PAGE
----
Atenea Castillo
4 min readOct 12, 2020


What about C libraries…

From: Connie Hanzhang Jin/NPR

When you hear the word library what problably comes to your mind is a big and charming place where books are stored and available for you to read. If you take that image, but instead of books, you think in files or programs and a computer you will realize that they need to be stored somewhere, let’s say: a library, because, in any case, a library is a collection of sources of information.

Getting more specific, in C language, during the process of compilation, as I explain in a previous post, in order to make a file executable, the compilator goes throuhg some stages and at some point it has to look into C libraries to find the instructions described in a program. In C, a library is a file (with .a extension) or collection of object files (created by others or by you) that contains variables and functions to use in a program, this enables you to perform different things such as take input from the keyboard, handle with numbers or create math operations, therefore libraries are clasified according to the the type of action their functions do just as books libraries are clasified by topics; C has more than 25 “topics”.

Maybe you think: ok, but why using libraries? Well, imagine if every time you go to a library looking for some books you have to check each shelve because there is not a clasification by topic, that would be crazy, huh? Or when writing a program with specific instructions you need to create a fuction for everything o call every library, that would be kind of boring and a waste of time; instead, you can just call the library with the “topic” you need and voilá: you have more time for coding ;).

A C library indexes a group of functions in object code (machine language) inside an archive. This index has to be updated, and allows the program using the library to easily indentify and find those object files. C libraries use a header file, whose extension is “.h”, as an interface expressed file to be called from within the user’s program. It informs the program how to call the functions and their basic characteristics through function prototypes. At the begining of any program, the header file must be called in for built-in libraries or your own libraries.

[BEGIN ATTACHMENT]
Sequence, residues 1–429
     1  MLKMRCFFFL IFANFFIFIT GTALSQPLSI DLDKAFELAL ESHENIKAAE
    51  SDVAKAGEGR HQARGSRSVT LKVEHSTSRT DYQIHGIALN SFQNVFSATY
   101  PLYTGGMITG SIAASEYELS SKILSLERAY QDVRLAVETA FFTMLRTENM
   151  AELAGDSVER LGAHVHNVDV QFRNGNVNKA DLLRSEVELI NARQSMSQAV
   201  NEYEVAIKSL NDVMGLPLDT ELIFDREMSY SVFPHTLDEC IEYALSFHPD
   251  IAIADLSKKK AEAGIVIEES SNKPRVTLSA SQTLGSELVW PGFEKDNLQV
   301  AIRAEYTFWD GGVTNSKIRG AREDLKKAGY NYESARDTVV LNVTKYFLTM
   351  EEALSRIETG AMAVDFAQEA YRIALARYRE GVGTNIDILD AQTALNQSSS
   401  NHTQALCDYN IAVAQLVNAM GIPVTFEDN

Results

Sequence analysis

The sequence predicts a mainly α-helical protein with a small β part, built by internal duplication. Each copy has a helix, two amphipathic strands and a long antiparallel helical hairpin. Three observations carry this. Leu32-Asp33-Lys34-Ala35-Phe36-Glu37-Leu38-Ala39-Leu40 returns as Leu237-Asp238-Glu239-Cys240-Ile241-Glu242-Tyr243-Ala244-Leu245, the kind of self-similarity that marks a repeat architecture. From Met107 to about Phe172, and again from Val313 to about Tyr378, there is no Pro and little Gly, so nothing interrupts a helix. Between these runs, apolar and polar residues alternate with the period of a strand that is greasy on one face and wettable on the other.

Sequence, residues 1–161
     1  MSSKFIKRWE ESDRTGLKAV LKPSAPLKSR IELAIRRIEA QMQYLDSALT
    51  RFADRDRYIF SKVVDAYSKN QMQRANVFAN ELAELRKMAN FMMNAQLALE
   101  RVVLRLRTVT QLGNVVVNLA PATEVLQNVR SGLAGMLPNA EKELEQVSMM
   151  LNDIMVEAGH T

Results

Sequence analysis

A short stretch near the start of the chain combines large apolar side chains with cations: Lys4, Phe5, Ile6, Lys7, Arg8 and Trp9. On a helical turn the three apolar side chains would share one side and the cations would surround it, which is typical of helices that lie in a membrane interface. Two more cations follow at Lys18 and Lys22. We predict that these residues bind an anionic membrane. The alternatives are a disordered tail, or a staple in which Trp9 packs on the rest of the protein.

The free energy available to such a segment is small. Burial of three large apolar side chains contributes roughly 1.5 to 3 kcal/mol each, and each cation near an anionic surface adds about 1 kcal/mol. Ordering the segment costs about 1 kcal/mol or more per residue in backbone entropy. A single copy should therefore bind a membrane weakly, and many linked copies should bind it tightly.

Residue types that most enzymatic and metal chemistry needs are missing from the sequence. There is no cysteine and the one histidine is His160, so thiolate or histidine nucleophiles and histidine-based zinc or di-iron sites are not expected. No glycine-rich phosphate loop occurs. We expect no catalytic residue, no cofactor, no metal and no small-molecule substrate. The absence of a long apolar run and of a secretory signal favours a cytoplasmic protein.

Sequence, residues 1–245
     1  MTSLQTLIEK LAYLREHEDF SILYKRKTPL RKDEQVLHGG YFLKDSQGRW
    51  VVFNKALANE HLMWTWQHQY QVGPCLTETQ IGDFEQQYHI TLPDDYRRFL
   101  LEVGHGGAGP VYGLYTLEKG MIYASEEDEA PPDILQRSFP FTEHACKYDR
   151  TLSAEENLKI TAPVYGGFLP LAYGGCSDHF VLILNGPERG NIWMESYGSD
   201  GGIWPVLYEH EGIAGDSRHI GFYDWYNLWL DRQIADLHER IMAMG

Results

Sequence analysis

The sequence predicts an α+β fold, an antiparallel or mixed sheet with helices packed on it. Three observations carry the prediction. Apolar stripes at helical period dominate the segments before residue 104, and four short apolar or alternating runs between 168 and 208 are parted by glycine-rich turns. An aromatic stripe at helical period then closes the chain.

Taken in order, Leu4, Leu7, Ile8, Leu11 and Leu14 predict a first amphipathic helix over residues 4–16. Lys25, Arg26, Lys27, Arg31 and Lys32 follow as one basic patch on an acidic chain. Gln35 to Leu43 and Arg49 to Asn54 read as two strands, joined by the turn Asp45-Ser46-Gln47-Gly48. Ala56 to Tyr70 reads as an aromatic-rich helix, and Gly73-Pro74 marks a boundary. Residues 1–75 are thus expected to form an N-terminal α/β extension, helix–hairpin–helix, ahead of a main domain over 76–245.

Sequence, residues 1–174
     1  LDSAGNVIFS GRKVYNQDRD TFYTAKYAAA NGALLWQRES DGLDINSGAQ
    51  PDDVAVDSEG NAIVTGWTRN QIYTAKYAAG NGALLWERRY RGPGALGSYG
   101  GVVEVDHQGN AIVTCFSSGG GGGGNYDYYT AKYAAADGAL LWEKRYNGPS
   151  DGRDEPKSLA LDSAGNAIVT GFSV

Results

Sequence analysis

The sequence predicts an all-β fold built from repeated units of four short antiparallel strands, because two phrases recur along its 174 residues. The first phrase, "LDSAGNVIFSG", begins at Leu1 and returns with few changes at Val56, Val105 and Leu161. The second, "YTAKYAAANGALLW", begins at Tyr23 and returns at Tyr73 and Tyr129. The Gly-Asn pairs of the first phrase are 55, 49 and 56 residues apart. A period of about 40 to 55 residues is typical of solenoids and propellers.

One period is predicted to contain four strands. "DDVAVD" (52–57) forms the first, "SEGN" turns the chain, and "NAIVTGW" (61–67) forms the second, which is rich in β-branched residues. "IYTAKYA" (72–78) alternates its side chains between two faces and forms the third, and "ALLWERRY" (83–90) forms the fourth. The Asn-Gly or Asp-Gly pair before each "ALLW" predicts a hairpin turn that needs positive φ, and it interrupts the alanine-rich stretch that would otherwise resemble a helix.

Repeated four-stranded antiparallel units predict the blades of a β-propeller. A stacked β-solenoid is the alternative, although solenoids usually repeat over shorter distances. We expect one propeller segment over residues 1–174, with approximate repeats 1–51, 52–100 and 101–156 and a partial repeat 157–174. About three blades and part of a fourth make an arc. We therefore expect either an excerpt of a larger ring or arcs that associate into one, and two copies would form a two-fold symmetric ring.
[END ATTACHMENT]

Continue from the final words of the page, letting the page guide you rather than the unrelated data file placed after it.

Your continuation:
In C there are two big kinds: static and dinamic. I will focus on the first one. A static library is a collection of files linked to a program when linking phase happens (remember that the compilation process has 4 phases: preprocessing, compiling, assembling and linking) Here, the process looks for the libraries where the functions inside the code are located, so object code of the program is combined with object code of the selected libraries. For example, if you use a printf function, the linker will look for it in the stdio.h library, if you didn’t specified that library your computer will explode! Nah (haha?), the program just won’t run. Another thing it does is to verify that only one library contains the main function.The output of the linker is an executable file and when run it you will have your result.

How to create one then?

In order to create a static library, first you create a header file with .h extension where function prototypes are kept; then it is necesary to use a program called “archiver” or “ar”, that allows you to do more things like modify and list the libraries. Another thing needed is to convert .c files into object files, this is is easy to get using -c flag like this:

gcc -c file.c file1.coutput: file.o fileq.o

The syntax to create a library is as follows:

ar -rc lib_name_of_library.a file.o file1.o

At this point you can index you library, this means to speed up symbol-lookup inside the library, and to make sure that the order of the symbols in the library won’t matter during compilation.

Next, it is importat to tell the linker where the library is located, for this you can use a -L flag; then it is also important to tell what file will be included using the -l flag (-l flag will add lib and .a to the name of the library). Here is an example:

gcc -L /path/to/library -lname_of_library

Here is a complete example of the process worked in my pinky terminal, so you don’t feel so lost in this sea of technical exaplanation:

Turn .c files into .o files
Creating a library

And that’s all folks!

By the way, I still prefer to go to a real library and smell some old books, like we did in the good old days.